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EGI-CSIRT:TDG/best pract

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Best Practices

Protecting Administrative Credentials

Credentials to access systems or Grid services should be well protected to prevent attackers from gaining access to the system or one of its services.

For instance, for Grid services, the certificate private key (generally stored in userkey.pem or *.p12 files) is the secret part of the information representing the identity of its owner. This information is secret and must remain readable only by its owner. If the private key becomes known to an attacker, he/she will have the ability to impersonate the owner of the certificate on the Grid. While protecting private keys is under the responsibility of their owners, when allowed, site administrators are encouraged to periodically search for publicly readable private keys on their hosts. Unprotected and publicly readable private keys should be sent to the relevant CA for revocation.

Also, SSH bruteforce attacks are very common and it is recommended to use SSH keys authentication instead of password authentication to authenticate against remote SSH servers. Indeed, once the SSH public key is stored on the remote server, it is possible to authenticate against it by using the relevant SSH private key, which is protected by a passphrase.

Of course, again, this mechanism is efficient only if the private key is protected by a good passphrase!

Business Continuity

A critical area of the system documentation is the business continuity plan. This document is part of the system risk analysis, in the event of a major disaster.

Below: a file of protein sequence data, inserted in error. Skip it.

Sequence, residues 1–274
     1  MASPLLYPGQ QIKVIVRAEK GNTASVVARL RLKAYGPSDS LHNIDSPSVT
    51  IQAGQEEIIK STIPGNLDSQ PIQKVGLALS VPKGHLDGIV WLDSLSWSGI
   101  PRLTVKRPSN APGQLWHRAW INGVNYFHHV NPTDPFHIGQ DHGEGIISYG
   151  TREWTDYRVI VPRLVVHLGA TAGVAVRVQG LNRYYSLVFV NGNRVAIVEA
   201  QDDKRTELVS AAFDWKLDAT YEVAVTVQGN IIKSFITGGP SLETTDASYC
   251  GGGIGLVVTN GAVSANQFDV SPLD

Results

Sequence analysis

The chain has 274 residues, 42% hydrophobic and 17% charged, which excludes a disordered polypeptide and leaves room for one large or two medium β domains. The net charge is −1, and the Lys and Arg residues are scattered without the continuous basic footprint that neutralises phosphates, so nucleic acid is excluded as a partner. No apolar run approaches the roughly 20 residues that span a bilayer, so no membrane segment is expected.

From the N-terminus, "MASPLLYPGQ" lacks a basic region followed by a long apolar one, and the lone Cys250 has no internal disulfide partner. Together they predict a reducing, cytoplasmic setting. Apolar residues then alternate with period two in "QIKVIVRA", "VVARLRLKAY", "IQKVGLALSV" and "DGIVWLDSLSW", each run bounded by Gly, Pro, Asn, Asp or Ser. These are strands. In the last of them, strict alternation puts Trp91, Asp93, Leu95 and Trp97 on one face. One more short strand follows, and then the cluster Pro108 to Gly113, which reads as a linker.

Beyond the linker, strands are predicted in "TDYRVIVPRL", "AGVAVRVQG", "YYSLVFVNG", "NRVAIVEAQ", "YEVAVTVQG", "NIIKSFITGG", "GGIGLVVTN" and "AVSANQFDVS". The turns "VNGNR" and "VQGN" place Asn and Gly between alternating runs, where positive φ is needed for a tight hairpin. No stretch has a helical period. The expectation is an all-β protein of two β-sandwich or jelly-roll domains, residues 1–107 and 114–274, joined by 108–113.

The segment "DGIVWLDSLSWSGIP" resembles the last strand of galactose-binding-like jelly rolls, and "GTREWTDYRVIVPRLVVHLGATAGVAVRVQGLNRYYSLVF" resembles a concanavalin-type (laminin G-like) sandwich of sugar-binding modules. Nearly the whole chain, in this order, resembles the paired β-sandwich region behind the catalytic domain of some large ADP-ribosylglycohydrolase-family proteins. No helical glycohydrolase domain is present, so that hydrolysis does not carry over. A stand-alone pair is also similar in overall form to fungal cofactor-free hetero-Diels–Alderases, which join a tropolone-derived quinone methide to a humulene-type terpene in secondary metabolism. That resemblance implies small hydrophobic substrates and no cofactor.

The aim of this document is to provide detailed procedures that need to be followed in order to maintain a service when a major disaster occurs. For instance, hot spare backup machines, backup tapes or off-site mirror can help restoring a service prompty when required. Ideally, a business continuity plans contains enough details to be followed and fully executed by non-expert staff.

It is far from easy to define a reasonable business continuity plan. Every aspect of the plan needs to be carefully defined in order to ensure that it can be used at anytime. Therefore it needs to be defined and agreed in advanced in order to be fully effective.

Updating the CRLs

Even though digital certificates have limited lifetime, information in a certificate can become invalid even before the certificate expires, e.g., when he corresponding private key is compromised or lost, the affiliation of certificate owner is changed, etc. In such a case, it is necessary to label the certificate as invalid so it cannot be accepted anymore and the issuing CA must revoke the certificate. In order to make information about revoked certificates widely available, each standard CA regularly publishes certificate revocation lists -- CRLs identifying certificates that have been revoked by the CA. Each machine in a Grid must maintain a local copy of the CRLs of all CAs it trusts. Proper checking of the CRLs must always be an integral part of certificate verification.

The gLite distribution contains a cron script (fetch-crl) that automates the periodical retrieval of CRLs from all CAs. Always make sure the script is installed and enabled. CRLs installed on a local system are automatically checked by most gLite services. However, other services must be explicitely configured to do the CRL checks, therefore, always consult documentation, especially when configuring a third-party application, such as Apache.

System Documentation

Writing and keeping system documentation up-to-date is an ongoing task, which enables the system manager to have an overview of the system at anytime regarding:

  • The purpose of the system
  • The hardware configuration
  • The filesystem layout
  • The network configuration, including firewall rules
  • The various groups and users
  • The recovery procedures
  • The business continuity plan
  • The system backup
  • The list of people having privileged access
  • The logs configuration
  • The change control procedures
  • The system monitoring
  • The system patching
  • The files integrity checking
  • The dependency on other systems

If a security incident occurs, having an online and up-to-date system documentation can greatly reduce the impact of the incident on the system and on the organisation it belongs to.